scrutiny, congressional staff members and other critics say that the use
of such figures by defenders of the agency has drastically overstated the
value of the domestic surveillance programs in counterterrorism.
Agency leaders believe that the N.S.A. has never enjoyed such a target-rich
environment as it does now because of the global explosion of digital information
and they want to make certain that they can dominate the Sigint
battle space in the future, the document said. To be optimally
effective, the paper said, legal, policy and process authorities
must be as adaptive and dynamic as the technological and operational advances
we seek to exploit.
Intent on unlocking the secrets of adversaries, the paper underscores the
agencys long-term goal of being able to collect virtually everything
available in the digital world. To achieve that objective, the paper suggests
that the N.S.A. plans to gain greater access, in a variety of ways, to the
infrastructure of the worlds telecommunications networks.
Reports based on other documents previously leaked by Mr. Snowden showed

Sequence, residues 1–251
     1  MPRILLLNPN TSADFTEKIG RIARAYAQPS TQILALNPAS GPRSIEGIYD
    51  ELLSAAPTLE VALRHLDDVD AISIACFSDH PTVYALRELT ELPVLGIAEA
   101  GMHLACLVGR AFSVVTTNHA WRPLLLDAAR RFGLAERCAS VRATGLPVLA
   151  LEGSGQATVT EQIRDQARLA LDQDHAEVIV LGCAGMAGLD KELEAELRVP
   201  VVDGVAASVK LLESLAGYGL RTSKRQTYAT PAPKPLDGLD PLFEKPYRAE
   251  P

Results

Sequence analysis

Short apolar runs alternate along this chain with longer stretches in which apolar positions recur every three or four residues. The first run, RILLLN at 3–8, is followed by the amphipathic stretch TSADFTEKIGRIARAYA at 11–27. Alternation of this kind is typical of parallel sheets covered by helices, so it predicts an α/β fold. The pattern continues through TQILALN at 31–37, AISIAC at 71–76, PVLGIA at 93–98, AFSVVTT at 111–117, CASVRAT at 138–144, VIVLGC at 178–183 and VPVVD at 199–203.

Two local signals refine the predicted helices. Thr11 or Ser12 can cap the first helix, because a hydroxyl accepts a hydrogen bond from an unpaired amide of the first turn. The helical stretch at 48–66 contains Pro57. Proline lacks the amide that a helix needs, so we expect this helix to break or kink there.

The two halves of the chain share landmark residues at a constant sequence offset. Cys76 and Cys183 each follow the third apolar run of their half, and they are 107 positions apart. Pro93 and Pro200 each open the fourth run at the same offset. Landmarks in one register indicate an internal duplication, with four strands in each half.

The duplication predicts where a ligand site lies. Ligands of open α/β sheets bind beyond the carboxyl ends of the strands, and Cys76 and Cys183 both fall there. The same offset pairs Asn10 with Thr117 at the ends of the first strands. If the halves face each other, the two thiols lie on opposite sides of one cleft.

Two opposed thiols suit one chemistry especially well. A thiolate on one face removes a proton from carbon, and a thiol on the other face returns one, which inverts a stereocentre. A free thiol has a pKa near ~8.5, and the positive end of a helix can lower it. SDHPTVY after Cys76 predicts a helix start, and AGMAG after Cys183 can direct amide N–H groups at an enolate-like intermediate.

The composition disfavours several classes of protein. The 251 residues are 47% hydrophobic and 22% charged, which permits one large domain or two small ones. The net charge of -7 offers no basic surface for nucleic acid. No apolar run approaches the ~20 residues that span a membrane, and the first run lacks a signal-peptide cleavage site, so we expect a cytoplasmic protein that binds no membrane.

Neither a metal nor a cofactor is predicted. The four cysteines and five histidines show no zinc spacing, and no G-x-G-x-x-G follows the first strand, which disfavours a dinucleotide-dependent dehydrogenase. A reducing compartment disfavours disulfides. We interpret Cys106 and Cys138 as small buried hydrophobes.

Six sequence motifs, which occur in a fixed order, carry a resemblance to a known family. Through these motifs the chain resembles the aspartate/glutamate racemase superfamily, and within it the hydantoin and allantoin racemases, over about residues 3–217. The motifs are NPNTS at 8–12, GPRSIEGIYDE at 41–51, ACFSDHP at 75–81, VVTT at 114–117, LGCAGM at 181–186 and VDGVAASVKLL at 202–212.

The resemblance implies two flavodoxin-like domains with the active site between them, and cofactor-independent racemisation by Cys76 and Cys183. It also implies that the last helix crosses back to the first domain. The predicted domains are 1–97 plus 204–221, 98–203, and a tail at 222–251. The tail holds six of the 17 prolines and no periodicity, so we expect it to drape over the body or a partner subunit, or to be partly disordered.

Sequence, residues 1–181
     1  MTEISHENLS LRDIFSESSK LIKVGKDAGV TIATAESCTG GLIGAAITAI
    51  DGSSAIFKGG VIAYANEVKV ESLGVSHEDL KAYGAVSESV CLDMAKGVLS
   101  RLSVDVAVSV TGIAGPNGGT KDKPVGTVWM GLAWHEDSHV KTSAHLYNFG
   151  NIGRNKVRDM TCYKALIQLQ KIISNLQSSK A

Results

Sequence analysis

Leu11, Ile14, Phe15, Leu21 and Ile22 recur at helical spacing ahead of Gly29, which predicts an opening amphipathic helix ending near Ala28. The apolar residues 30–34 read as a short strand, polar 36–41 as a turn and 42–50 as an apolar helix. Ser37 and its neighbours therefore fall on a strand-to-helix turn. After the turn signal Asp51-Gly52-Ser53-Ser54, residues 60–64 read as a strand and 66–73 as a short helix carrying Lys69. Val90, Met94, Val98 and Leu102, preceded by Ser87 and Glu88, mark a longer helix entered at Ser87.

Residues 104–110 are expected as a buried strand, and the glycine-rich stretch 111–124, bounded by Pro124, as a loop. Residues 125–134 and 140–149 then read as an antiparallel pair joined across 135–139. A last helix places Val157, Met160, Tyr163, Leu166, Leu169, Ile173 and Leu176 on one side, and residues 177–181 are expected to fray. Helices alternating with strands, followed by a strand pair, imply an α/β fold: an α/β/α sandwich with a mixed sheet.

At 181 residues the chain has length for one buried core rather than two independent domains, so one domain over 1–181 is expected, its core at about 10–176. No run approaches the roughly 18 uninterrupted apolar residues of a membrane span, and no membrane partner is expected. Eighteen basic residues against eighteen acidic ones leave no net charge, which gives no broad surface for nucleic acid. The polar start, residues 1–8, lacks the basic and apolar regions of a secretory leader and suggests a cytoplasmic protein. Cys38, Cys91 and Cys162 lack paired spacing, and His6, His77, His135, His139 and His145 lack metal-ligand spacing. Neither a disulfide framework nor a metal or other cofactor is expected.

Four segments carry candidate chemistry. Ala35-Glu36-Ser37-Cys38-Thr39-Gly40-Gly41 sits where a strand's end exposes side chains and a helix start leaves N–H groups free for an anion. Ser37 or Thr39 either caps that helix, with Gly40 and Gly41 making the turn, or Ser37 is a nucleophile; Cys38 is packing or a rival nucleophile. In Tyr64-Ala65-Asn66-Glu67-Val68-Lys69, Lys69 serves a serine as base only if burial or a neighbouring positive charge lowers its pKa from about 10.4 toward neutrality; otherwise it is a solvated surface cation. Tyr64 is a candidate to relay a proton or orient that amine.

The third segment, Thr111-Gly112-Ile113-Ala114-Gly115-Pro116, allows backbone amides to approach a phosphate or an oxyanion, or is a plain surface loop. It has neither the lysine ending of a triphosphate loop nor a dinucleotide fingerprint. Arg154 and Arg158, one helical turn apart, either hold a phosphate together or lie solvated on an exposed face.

that the N.S.A. has infiltrated the cable links to Google and Yahoo data
centers around the world, leading to protests from company executives and
a growing backlash against the N.S.A. in Silicon Valley.
Yet the paper also shows how the agency believes it can influence and shape
trends in high-tech industries in other ways to suit its needs. One of the
agencys goals is to continue to invest in the industrial base
and drive the state of the art for high performance computing to maintain
pre-eminent cryptanalytic capability for the nation. The paper added
that the N.S.A. must seek to identify new access, collection and
exploitation methods by leveraging global business trends in data and
And it wants to find ways to combine all of its technical tools to enhance
its surveillance powers. The N.S.A. will seek to integrate its
capabilities to reach previously inaccessible targets in support of
exploitation, cyberdefense and cyberoperations, the paper stated.
The agency also intends to improve its access to encrypted communications
used by individuals, businesses and foreign governments, the strategy document
said. The N.S.A. has already had some success in defeating encryption, The
New York Times has reported, but the document makes it clear that countering